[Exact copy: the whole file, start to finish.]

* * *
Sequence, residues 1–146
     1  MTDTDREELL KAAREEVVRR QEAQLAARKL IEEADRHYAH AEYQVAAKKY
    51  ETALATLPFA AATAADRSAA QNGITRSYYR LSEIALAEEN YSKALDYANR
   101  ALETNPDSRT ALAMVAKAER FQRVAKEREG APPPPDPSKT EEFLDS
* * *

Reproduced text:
Sequence, residues 1–146
     1  MTDTDREELL KAAREEVVRR QEAQLAARKL IEEADRHYAH AEYQVAAKKY
    51  ETALATLPFA AATAADRSAA QNGITRSYYR LSEIALAEEN YSKALDYANR
   101  ALETNPDSRT ALAMVAKAER FQRVAKEREG APPPPDPSKT EEFLDS